Mitchell Rose is an American director of short films known for comedic work. He began his career as a choreographer and performance artist and became known at "the dance world's Woody Allen" after being so dubbed by The New York Times . He then migrated to film and his works have won numerous awards, notably Elevator World, Modern Daydreams, and Learn to Speak Body. He tours a program called The Mitch Show which features his films and audience participation pieces.
Rose was born in Boston, Massachusetts. He entered Tufts University in Electrical Engineering but soon discovered Modern Dance and became the college's first dance major. Following graduation in 1973 he moved to New York City where he studied at the studios of Alwin Nikolais, Merce Cunningham, and Viola Farber. He formed the Mitchell Rose Dance Company blending movement, acting, comedy, text, and projected images. He received a grant from CETA and from 1978–1980 performed extensively in New York City theaters, schools, universities, museums, hospitals, and prisons.
From 1980–1991 he toured his work internationally in various forms: solo, duet (with Diane Epstein) and group. Places of performance included the Spoleto Festivals in the U.S. and Italy, Jacob's Pillow, and Joseph Papp’s New York Dance Festival at the Delacorte Theatre in Central Park.
Rose created several audience participation pieces, including the 1985 work Walkpeople, in which seven audience volunteers received prerecorded choreographic instructions delivered from synchronized Walkman tape players worn by the performers.
Over the course of his dance career, he created 75 works, set pieces on 20 repertory and university dance companies, and was awarded five Fellowships from the National Endowment for the Arts.
In 2000, his animation Elevator World, a computer-animated essay on the spatial politics of elevating riding, won Grand Prize for Best Short at Slamdance Film Festival and was called “a computer masterpiece” by the CBS Evening News.
Also in 2000, Rose revisited dance when he received a fellowship from the Pew Charitable Trusts to explore ways of filming dance. During that fellowship he created Modern Daydreams, a series of four Chaplinesque films. One of these is Deere John in which a man dances a pas de deux with a 22-ton John Deere Excavator. Modern Daydreams, an example of Dance film (also called Videodance), won 19 film festival awards.
Modern Daydreams was made in collaboration with BodyVox dance company. Since then BodyVox has commissioned him to create six more short films. One of those, Learn to Speak Body, an exploration of body language in the form of a language instructional video, has over two million hits on YouTube.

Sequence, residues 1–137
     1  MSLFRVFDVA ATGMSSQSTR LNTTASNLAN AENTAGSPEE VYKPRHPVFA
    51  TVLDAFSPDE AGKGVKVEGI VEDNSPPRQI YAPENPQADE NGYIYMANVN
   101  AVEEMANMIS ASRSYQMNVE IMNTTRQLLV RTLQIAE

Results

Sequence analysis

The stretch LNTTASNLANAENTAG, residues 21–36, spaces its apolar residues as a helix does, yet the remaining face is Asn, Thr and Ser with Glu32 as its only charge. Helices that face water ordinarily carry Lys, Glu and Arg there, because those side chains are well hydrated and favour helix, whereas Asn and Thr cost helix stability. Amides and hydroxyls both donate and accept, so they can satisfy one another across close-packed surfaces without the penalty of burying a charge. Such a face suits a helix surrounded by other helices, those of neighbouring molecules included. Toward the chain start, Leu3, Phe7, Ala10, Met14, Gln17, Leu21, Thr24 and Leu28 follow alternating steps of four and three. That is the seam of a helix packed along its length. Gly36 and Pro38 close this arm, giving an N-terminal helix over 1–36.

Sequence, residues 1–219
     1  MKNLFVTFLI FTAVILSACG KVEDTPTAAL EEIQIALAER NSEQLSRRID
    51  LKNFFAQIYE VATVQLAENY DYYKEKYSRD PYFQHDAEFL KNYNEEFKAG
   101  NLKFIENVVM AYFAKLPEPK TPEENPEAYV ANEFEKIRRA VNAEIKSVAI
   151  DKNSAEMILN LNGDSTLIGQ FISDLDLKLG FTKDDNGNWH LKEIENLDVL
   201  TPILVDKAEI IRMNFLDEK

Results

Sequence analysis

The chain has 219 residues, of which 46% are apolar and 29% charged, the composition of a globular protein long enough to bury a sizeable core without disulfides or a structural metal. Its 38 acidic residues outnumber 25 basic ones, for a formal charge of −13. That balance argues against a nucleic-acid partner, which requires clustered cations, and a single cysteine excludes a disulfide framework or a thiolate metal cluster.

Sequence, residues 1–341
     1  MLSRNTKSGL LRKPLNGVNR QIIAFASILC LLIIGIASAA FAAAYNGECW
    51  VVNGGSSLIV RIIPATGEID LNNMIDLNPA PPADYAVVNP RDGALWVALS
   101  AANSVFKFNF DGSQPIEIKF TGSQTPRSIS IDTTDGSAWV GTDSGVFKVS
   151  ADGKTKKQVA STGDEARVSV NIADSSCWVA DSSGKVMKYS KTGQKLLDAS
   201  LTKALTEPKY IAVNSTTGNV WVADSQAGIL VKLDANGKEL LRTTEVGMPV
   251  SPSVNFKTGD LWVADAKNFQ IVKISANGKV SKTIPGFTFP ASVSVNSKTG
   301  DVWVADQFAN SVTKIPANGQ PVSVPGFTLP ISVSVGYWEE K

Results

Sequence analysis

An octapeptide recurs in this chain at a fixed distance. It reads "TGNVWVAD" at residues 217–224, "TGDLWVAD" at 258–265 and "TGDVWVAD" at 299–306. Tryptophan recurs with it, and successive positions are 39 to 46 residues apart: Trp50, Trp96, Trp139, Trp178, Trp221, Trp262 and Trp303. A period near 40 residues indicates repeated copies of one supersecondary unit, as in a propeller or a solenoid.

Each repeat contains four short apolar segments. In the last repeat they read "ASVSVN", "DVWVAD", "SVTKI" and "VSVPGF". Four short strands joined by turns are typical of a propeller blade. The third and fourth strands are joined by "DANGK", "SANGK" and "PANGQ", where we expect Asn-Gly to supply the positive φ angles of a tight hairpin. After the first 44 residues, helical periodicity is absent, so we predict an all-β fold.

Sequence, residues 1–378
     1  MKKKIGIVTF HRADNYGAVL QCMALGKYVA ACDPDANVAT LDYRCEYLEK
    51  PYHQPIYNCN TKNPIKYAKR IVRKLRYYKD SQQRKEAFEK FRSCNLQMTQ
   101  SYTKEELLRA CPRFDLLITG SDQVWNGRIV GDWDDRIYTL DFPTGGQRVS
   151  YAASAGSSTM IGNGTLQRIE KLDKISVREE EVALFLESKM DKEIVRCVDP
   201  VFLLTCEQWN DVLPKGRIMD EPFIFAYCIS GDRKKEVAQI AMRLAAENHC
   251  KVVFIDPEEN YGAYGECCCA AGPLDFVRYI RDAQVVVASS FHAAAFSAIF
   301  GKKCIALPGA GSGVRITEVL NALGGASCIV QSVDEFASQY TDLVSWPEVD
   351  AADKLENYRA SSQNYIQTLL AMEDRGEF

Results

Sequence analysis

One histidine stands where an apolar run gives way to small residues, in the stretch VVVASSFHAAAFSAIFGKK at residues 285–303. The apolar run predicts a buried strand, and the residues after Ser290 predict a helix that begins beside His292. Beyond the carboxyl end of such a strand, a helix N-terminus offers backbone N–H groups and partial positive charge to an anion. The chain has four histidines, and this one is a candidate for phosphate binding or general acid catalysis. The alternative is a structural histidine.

Rose has made 25 short films that have received 62 festival awards including the 2003 Distinguished Artist Award at the Napa Sonoma Wine Country Film Festival “In Recognition of Outstanding Achievement in the Field of Motion Pictures.”
In 2007 he began presenting The Mitch Show, a collection of his short films together with new audience-participation pieces. One of the latter is Podpeople, a descendant of his dance work, Walkpeople. Podpeople features five audience volunteers who receive dialogue and movement prompting from iPods as they integrate themselves into projected scenery. In June 2007 he presented The Mitch Show in Kosovo as a Cultural Envoy for the U.S. Department of State.
Globe Trot (2013)
A World Without Numbers (2010)
The Event (2006)
Learn to Phone Phony: Tape 2 (2005)
Name Categories (2004)
Prologue to the Opera Carmina Burana (2003)
Yoga Misinfomercial (2003)
Case Studies from the Groat Center for Sleep Disorders (2002)
Learn to Speak Body: Tape 5 (2002)
Modern Daydreams (2001) a suite of four films:
- Treadmill Softly
- Islands in the Sky
- Deere John
Meredith Monk and Robert Een in the World Festival of Sacred Music (1999)
Elevator World (1999)
Single White Male (1992)
A Nauseous Nocturne (1993)
The Wayfarer (1991)
- Dunning, Jennifer (April 15, 1978). "Mitchell Rose Offers His Dances". The New York Times.
- Kriegsman, Alan M. (February 17, 1979). "Ingenuity Afoot". The Washington Post.
- Anderson, Jack (September 15, 1980). "The Dance: New York Festival Ends". The New York Times.
- Kisselgoff, Anna (January 15, 1987) "Rose and Epstein Present Comic Works". The New York Times.
- Mitoma, Judy; Zimmer, Elizabeth (2002). Envisioning Dance on Film and Video. Routledge. ISBN 0-415-94170-9.
- Current News, Connecticut College. (February 15, 2006)
- Current Envoys, U.S. Department of State
- Faculty Listings, The Ohio State University